Former Patriots player Joe Andruzzi carrying an injured survivor to safety post Boston Marathon. (Source: Buzzfeed)
There are things like equal rights for all genders and races that are so big I’m not sure how to impact them and things so small like wanting to spend less at Target that I’m not sure why I even should focus on impacting them and then there are things like dreams where I see myself impacting all of these things and more that make me think I can do it, big or small, the change can happen, and it will. But it’s a choice, every time. It’s an action. Even though it’s advertised as this force like an ocean wave or poison gas settling over a town, unstoppable and huge, change is simply an action verb. It’s a check mark in one box or another. Yes I will change. No I will not change.
Small changes can feel like big steps though, which is important to remember. Last year, after the Newtown, Connecticut massacre at Sandy Hook Elementary, I started participating in Ann Curry’s 26 Acts, in which every person does one act of kindness in remembrance of each victim in the school shooting. I changed it to 27 acts, to include Adam Lanza’s mother. I later discussed it with my boyfriend’s father, whose immediate reaction was, “27? Not 28?” I’ve since modified it.
This is a weird journey to take for so many reasons. It’s nerve-wracking at times, because I feel much more comfortable looking straight ahead in the Starbucks line than turning around to ask what the person behind me is ordering so I can buy it for them. Most of my acts have been quiet or sans direct interaction – messages on Facebook, donating online, buying someone’s food behind me at a drive-through. I’m a Random Act of Kindness Bandit. I want to get in, do the good, and get out. Other weirdness comes from how I try to share it with others. I’m posting pictures of each Act on Facebook, Instagram, Twitter, anywhere I can, partially to keep me accountable, but also because the bigger social media gets, the more hate I see pumping out of it and I’ve just got to do something, however small, to combat that. How many subtweets do you see in angry letter format? “Dear girl in front of me at Chic-Fil-A, exactly how many sandwiches are you ordering? #waitingsucks #h8u #fatty” And how often do you see people posting a picture with a caption like, “Wow, this person did something incredible for me.” Or even, “Hey, this person needed me, so I stepped up as a fellow human and helped them.” We’ll openly mock each other or re-send embarrassing moments of others, but when it comes to sharing our good deeds, suddenly we’re coy? We’re shy? We’re ashamed? I’m not trying to put myself on a pedestal; I’m not trying to show off. I’m trying to change the world. And I’ve learned that one of the best way to spread the love these days is by sending messages into the Internet world in hopes that they are shared with others.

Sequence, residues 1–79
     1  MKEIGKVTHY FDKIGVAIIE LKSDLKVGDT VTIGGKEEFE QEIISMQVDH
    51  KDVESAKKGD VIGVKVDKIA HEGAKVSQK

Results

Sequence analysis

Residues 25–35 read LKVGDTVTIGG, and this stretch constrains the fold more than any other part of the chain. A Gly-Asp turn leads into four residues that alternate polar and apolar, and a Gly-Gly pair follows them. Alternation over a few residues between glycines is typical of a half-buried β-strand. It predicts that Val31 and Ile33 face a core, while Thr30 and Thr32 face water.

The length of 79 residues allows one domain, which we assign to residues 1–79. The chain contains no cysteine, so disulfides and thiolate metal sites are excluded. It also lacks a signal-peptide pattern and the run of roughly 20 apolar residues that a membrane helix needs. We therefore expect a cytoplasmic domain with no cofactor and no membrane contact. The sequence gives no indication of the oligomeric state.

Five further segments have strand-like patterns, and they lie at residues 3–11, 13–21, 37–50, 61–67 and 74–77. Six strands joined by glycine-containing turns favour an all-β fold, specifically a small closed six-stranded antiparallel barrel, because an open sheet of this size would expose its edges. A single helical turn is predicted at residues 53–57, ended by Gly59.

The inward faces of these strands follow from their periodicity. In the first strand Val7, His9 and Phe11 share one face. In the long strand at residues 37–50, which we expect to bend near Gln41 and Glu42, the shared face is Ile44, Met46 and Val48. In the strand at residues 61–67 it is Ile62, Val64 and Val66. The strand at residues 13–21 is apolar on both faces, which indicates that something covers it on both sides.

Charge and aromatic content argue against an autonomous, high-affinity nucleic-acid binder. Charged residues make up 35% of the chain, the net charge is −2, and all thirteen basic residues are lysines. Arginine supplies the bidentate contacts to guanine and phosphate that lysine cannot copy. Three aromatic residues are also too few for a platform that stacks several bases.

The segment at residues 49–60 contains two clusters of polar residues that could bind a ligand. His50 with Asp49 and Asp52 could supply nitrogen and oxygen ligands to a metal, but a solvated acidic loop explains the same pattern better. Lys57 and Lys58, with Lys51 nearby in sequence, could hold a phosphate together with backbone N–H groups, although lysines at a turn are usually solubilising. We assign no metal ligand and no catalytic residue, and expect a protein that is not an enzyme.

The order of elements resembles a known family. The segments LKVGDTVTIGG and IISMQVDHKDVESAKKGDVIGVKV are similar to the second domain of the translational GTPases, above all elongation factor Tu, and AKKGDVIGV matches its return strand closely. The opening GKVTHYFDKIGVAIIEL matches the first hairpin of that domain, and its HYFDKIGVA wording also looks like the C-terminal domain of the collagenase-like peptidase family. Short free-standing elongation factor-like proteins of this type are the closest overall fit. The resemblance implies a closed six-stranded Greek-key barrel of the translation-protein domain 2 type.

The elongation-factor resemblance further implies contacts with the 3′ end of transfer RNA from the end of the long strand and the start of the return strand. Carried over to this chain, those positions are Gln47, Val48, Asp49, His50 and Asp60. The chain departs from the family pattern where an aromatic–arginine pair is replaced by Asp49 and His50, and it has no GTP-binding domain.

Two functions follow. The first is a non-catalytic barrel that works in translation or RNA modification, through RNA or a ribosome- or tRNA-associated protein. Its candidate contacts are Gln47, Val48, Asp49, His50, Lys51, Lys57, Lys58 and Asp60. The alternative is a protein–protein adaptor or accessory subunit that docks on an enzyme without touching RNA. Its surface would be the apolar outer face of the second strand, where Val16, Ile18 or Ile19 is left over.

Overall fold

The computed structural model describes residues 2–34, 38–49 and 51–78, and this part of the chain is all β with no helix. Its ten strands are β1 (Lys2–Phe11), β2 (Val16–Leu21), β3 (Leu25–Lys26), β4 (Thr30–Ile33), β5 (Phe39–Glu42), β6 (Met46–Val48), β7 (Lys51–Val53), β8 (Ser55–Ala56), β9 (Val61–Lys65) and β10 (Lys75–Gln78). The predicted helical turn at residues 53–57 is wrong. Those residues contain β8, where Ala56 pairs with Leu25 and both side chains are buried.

I wish everyone would post a picture each time they let someone into their lane (safely, though, be careful when driving) or when they hugged a stranger because they looked like they needed it or actually said “Yes” when a homeless person asked them if they had any change. I want my newsfeed full of good acts, good things, the kind of things that give me chills because it takes my whole body to digest the idea that a small act of kindness can be courageous and huge and can change the world.
If it’s optimism vs nihilism, I’m going to choose optimism again and again, every time, because I will be damned if this miracle of life is to be wasted thinking that nothing is worth anything.
CN: Sometimes it’s hard to just pick yourself up off of the ground or to even admit openly that yes, life is difficult, because it’s hard to let others see that you’re struggling when it feels like everyone else around you has the secret passcode to success in life. To be frank, it sucks. All you want to do is listen to ‘Stay’ by Rihanna over and over again and try not to cry in the middle of Spin class. It’s a weird balance to feel that everything you are feeling is on your sleeve, yet you can’t openly admit that yes, you feel alone, that yes, right now life is shit and couponing makes you feel like you are a little bit in control of your life. Now I’m just rambling on like one of Carrie’s voiceovers in ’Sex and the City’ but I swear there is a point to all of this and I think it’s that if we are open to each other in how we feel about this change issue, maybe it won’t feel so terrible. Because we are ALL going through something like having a baby spitting up all over your sweater when you just want to get paid to do what you went to college for. (Not a metaphor.)
It’s important to remember that there is a reason you are struggling and even more important to remember that you have to change to move forward and remember that there is still happiness in the present, despite how bleak it may seem at times. Even if it is just the cute Trader Joe’s check out guy that is paid to flirt with you. I found a Johanna de Silentio quote on Tumblr that has resonated with me today especially: “Relax. You will become an adult. You will figure out your career. You will find someone who loves you. You have a whole lifetime; time takes time. The only way to fail at life is to abstain.” I think this is so important to remember because, like we said change, is terrifying and sometimes we can’t handle the rate that it’s coming at us, but the circle of life is here to ultimately protect us in the end, and everything we seek will come in time.